Your SlideShare is downloading. ×
Resourcd File
Upcoming SlideShare
Loading in...5
×

Thanks for flagging this SlideShare!

Oops! An error has occurred.

×

Introducing the official SlideShare app

Stunning, full-screen experience for iPhone and Android

Text the download link to your phone

Standard text messaging rates apply

Resourcd File

37
views

Published on


0 Comments
0 Likes
Statistics
Notes
  • Be the first to comment

  • Be the first to like this

No Downloads
Views
Total Views
37
On Slideshare
0
From Embeds
0
Number of Embeds
0
Actions
Shares
0
Downloads
0
Comments
0
Likes
0
Embeds 0
No embeds

Report content
Flagged as inappropriate Flag as inappropriate
Flag as inappropriate

Select your reason for flagging this presentation as inappropriate.

Cancel
No notes for slide

Transcript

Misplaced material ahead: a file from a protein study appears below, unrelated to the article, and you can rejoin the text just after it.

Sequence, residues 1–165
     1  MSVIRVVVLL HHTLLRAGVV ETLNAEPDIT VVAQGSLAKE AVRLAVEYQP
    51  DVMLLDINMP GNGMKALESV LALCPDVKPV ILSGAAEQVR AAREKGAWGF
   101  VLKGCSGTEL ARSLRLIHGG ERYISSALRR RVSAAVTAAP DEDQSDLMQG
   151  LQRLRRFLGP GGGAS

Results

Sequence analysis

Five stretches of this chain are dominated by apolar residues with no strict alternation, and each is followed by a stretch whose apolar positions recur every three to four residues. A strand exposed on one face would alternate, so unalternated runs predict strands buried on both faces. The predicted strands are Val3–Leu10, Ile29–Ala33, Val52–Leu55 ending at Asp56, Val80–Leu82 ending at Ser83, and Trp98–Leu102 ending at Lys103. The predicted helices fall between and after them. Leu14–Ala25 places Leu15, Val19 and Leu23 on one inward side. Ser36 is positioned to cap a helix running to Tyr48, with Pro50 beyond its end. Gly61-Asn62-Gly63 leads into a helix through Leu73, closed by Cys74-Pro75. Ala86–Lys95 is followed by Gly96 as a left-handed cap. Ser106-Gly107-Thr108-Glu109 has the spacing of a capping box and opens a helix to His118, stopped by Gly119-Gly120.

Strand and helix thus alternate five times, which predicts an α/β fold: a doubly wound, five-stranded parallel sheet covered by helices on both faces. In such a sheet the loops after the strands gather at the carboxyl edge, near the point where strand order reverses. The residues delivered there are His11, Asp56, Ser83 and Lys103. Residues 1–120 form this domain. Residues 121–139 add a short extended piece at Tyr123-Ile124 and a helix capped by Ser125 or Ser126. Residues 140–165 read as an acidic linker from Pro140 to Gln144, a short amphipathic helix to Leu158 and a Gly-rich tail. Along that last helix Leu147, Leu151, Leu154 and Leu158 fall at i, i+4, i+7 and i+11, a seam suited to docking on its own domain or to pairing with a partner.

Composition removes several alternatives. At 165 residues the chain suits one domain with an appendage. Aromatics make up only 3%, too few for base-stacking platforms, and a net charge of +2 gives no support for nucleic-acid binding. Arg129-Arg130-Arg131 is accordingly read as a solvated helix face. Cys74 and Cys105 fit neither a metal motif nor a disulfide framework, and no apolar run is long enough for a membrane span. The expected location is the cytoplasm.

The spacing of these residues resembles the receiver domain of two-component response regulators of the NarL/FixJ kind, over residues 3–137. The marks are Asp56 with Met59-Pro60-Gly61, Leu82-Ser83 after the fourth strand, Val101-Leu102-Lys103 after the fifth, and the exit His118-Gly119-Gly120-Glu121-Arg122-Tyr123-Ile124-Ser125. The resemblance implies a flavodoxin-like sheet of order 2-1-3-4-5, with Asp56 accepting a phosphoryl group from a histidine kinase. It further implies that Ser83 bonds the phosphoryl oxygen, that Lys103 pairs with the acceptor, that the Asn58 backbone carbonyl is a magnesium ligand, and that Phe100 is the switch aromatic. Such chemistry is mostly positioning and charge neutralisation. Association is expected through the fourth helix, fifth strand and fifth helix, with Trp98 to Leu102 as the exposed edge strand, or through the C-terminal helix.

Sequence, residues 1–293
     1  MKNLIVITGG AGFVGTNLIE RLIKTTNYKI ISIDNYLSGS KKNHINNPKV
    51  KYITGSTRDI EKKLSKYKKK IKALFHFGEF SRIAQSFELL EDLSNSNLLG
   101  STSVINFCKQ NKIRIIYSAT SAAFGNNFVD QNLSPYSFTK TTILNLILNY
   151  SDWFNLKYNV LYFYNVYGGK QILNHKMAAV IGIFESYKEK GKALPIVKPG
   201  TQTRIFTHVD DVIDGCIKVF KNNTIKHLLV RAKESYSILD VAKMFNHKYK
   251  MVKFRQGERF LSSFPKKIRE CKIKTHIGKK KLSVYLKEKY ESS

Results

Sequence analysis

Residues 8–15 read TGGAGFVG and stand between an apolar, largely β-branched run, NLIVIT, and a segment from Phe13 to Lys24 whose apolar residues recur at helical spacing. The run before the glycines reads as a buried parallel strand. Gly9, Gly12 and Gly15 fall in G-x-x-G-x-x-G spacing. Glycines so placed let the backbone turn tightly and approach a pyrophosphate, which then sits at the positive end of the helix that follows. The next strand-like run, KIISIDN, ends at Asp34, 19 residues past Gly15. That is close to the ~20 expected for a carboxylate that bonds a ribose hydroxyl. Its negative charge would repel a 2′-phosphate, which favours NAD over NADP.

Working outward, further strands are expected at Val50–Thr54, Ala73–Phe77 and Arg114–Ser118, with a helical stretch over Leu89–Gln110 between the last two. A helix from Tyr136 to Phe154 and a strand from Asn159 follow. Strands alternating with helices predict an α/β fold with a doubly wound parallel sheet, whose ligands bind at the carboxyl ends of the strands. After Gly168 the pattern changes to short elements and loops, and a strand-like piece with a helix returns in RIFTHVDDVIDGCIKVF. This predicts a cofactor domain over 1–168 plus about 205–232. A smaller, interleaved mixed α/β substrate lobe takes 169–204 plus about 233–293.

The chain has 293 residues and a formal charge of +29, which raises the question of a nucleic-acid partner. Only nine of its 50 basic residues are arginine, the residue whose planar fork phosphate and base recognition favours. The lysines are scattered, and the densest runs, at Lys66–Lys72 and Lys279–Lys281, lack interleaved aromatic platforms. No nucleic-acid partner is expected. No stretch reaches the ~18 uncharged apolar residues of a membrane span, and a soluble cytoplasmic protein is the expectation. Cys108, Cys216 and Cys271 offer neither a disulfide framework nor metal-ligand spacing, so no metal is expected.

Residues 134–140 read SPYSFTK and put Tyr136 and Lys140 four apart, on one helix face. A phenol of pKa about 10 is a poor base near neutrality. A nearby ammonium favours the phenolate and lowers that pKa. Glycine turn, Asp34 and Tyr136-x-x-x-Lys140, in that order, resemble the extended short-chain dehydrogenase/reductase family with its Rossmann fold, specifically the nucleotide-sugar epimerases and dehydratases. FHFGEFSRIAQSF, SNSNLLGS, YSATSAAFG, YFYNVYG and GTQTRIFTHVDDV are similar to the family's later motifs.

• 1. Boundary Model: Herman and Polivy (1984) Ao1: • In an attempt to explain why dieting might lead to overeating, Herman and Polivy (1984) developed the boundary model • According to this model, hunger keeps intake of food above a certain minimum and satiety works to keep intake below some maximum level • Between these two levels, psychology has the greatest impact on food consumption • Dieters tend to have a large range between hunger and satiety levels as it takes them longer to feel hungry and more food to satisfy them • In addition, restrained eaters have a self-imposed desired intake • Once they have gone over this boundary they continue to eat until they reach satiety, i.e. beyond the maximum level imposed as part of the diet. AO2: Herman and Mack (1975) • Gave dieters and non-dieters a high calorie or low calorie preload • Found that non-dieters showed compensatory regulatory behaviour… They ate less during the taste test after having the high calorie preload • Found that dieters ate more in the taste test after having the high calorie preload AO3: Practical applications Dieters should not attempt to restrain their eating or place boundaries on their food intake! This only leads to overeating